Republic of the Philippines
SUPREME COURT
Manila

EN BANC

G.R. No. L-5183             March 21, 1910

THE UNITED STATES, plaintiff-appellee,
vs.
TAN TOK, defendant-appellant.

Gibbs & Gale, for appellant.
Attorney-General Villamor, for appellee.

ARELLANO, C.J.:

On the 27th of May, 1908, the complaint was filed against Tan Tok. The crime charged was estafa, consisting in that on the 1st of April, 1908, he had been sold upon credit a bale of gray cloth for P260, and this bale afterwards appeared included in an attachment, made on petition of Findlay & Co., of the store at No. 144 Calle Rosario, as of the property of another Chinaman named Uy Chieng Can and sold as a result of Findlay & Co.'s claim against this other Chinaman Behn, Meyer & Co., who had sold the bale to Tan Tok, losing the price thereof. Had Tan Tok not assured Behn, Meyer & Co. that the store at No. 144 was exclusively his and that he had already severed connections with the business carried on by Uy Chieng Can, who conducted the store at No. 156 on the same street, he would not have been trusted with that bale of gray cloth valued at P260.

The order for the merchandise was given by Tan Tok to Behn, Meyer & Co. on March 26, 1908. On April 1 or 2 the bale taken to the store at No. 144, which was supposed to belong to Tan Tok. On April 4, 1908, the document evidencing the debt for the price of the bale, that is, for P260, was signed. First it was signed with a square stamp, which meant nothing. The document was again taken to the store at No. 144 and was returned signed with another stamp which reads: "Benito Uy Chieng Can, Rosario, 156."

Tan Tok says that on March 29, 1908, the said store at No. 144 was sold by him to Uy Chieng Can. So that when, on April 1 or 2, 1908, the bale of gray cloth ordered by Tan Tok on the 26th of March previous was received in the said store, it was in fact received in a store belonging to Uy Chieng Can, and this is how that document of debt for the price of the bale appears as signed by Uy Chieng Can; and Deogracias Zamora, a clerk in the employ of Behn, Meyer & Co., says that he called the matter to the attention of a principal employee of the firm, who had Tan Tok come to the office; but what the said employee did afterwards does not appear in the record.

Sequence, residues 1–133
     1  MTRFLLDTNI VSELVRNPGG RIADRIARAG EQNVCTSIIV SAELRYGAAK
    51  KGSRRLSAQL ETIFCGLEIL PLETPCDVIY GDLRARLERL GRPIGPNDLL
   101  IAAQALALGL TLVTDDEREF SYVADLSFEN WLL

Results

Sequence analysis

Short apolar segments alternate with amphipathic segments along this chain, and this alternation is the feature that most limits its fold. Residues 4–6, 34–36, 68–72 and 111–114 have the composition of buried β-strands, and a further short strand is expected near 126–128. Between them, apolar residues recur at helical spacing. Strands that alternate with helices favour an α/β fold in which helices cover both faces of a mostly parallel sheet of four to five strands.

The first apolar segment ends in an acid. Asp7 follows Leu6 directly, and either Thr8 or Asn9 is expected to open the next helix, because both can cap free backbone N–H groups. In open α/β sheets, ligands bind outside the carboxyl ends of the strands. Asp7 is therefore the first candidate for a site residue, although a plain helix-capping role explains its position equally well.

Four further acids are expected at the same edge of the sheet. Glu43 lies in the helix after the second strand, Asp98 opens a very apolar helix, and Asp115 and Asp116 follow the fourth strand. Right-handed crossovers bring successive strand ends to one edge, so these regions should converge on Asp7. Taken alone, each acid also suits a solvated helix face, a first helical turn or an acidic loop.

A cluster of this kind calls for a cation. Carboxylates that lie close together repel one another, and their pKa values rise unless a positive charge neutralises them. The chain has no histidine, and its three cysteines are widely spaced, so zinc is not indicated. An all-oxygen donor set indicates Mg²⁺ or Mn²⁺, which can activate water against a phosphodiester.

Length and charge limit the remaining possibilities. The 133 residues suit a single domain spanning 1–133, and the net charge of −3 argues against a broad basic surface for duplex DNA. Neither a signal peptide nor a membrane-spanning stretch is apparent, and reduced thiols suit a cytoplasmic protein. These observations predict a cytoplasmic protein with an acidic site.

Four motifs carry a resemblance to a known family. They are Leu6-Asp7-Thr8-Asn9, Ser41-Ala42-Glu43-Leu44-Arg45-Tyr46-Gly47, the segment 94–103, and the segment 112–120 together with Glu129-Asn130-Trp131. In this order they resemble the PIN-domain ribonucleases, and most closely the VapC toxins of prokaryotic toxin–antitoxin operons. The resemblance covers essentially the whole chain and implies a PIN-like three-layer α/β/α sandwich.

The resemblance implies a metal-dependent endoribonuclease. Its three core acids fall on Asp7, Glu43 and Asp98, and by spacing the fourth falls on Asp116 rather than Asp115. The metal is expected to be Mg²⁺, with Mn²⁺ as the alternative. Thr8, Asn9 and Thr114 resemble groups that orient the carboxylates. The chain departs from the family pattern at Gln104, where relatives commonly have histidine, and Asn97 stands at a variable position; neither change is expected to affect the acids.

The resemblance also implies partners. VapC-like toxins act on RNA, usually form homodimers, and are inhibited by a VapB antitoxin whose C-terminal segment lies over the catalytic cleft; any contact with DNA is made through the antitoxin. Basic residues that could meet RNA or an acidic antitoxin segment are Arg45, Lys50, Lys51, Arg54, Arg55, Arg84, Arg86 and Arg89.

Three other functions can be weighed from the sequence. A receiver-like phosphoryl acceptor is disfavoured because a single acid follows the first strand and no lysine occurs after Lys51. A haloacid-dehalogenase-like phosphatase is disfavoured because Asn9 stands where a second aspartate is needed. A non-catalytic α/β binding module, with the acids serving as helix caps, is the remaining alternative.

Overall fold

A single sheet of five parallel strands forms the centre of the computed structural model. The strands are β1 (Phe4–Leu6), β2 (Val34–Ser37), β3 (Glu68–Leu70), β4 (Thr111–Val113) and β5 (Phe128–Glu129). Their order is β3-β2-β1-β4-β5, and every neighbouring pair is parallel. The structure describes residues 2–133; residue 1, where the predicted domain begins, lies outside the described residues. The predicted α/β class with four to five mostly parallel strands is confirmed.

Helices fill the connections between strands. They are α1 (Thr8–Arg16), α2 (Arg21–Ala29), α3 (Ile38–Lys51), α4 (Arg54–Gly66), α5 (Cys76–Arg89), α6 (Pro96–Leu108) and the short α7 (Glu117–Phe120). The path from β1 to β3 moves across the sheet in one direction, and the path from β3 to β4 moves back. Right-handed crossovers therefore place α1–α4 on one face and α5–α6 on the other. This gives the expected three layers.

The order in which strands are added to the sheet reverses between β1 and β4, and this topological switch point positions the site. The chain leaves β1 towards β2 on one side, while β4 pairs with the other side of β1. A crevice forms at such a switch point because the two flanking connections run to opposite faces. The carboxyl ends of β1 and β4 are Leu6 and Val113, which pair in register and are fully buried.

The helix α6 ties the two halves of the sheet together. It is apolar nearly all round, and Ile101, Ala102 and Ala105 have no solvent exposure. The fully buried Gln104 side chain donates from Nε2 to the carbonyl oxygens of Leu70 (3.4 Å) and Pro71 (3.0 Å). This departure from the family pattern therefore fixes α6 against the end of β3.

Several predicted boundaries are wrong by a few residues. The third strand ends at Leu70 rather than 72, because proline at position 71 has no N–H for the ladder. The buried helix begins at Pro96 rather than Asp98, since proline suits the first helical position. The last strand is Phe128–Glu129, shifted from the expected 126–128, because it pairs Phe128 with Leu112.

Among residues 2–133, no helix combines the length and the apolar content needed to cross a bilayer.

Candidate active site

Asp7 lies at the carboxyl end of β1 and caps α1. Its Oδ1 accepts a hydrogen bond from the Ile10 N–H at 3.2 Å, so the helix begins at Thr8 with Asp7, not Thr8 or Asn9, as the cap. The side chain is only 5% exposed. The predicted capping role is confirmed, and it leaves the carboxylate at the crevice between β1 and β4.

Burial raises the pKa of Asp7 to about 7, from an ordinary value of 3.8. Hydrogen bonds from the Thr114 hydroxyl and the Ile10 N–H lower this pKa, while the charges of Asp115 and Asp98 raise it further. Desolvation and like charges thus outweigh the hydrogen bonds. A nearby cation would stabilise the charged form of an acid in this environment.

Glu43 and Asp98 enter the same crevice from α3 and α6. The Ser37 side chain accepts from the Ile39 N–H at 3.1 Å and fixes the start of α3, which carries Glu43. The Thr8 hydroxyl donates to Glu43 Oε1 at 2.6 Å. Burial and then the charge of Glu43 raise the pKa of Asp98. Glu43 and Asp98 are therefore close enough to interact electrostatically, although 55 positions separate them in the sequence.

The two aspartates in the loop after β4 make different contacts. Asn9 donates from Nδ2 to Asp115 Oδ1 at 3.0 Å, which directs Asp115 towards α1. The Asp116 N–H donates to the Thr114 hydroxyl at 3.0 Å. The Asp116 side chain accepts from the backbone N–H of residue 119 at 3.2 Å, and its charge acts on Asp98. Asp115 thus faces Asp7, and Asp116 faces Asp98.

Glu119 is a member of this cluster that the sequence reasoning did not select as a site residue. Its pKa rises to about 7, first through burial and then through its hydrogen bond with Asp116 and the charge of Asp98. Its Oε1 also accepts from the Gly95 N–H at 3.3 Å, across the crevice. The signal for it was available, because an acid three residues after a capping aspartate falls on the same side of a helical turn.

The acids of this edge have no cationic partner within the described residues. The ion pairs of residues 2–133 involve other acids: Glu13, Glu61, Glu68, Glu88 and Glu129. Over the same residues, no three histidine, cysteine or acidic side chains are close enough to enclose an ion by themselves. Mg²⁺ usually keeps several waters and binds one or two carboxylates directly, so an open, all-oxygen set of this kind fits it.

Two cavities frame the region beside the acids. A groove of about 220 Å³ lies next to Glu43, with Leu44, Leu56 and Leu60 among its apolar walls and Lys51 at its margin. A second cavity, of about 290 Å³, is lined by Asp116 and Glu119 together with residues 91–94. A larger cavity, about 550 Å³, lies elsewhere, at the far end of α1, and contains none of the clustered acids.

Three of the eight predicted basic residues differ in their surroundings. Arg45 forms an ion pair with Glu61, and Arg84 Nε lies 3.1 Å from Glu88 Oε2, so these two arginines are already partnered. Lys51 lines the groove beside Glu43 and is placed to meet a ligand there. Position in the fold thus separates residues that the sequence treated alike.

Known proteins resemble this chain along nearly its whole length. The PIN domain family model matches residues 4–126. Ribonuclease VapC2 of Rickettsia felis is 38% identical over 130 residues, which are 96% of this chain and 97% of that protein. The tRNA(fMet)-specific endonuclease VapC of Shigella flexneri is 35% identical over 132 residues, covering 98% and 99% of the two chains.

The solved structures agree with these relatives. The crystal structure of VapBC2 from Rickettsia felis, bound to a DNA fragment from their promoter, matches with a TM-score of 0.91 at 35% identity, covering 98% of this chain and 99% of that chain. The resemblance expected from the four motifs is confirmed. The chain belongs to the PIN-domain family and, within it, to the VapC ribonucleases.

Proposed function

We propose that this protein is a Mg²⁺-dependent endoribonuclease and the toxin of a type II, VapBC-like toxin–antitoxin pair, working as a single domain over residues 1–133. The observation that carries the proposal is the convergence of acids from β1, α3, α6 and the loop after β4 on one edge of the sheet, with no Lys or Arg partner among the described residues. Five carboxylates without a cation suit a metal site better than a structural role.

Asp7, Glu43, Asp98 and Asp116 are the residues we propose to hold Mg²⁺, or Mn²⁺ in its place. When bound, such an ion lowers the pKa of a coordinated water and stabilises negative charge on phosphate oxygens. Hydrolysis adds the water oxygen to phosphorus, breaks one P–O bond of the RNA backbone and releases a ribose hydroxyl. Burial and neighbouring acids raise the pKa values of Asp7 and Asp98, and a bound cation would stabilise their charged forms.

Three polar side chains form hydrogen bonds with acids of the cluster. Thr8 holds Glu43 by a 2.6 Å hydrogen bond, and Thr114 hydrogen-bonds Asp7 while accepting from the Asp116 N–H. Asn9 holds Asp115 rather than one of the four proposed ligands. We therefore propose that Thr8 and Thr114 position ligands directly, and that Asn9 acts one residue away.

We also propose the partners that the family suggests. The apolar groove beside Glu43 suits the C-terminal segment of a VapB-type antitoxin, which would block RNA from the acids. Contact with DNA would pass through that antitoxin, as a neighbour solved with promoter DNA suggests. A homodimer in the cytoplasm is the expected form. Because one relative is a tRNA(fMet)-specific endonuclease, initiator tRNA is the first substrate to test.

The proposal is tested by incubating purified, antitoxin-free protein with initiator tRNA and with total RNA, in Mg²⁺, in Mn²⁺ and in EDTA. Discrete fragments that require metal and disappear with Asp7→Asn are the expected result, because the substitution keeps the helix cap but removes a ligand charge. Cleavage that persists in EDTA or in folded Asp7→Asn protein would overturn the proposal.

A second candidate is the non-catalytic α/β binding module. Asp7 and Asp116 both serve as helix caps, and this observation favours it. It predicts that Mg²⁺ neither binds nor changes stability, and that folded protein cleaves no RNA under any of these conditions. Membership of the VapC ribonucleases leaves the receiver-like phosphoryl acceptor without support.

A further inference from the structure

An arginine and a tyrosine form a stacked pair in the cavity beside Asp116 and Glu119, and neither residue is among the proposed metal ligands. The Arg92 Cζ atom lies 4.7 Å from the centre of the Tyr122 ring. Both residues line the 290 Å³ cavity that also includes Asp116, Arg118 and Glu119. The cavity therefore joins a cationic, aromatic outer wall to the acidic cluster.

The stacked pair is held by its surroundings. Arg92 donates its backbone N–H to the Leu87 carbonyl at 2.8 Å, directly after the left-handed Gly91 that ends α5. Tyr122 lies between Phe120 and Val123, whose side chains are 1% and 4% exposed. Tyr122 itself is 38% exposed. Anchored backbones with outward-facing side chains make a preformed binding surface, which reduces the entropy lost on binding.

Up to May, when the bale in question was in the possession of the sheriff for sale, the only thing done was to prosecute the criminal action for estafa.

In this class of operations where, with more or less caution, one relies upon a person's credit, there is no estafa. If a person already enjoyed credit and it was afterwards withdrawn, but subsequently, because of his apparently conducting his operations in a manner which appears to warrant it he again secures credit and does not pay for what he gets by reason of the credit thus continued, he does not thereby commit the crime of estafa, which it is evident he would not have committed by availing himself of the credit in the beginning.

To the creditor, the firm of Behn, Meyer & Co., is reserved the right to bring such civil action as may be proper for the recovery of the value of the merchandise sold upon credit, against the debtor, Tan Tok, or whoever may be found to be indebted for its price.

The judgment of the Court of First Instance of the city of Manila is reversed, with costs in both instances de oficio. So ordered.

Torres, Mapa, Johnson, Carson and Moreland, JJ., concur.


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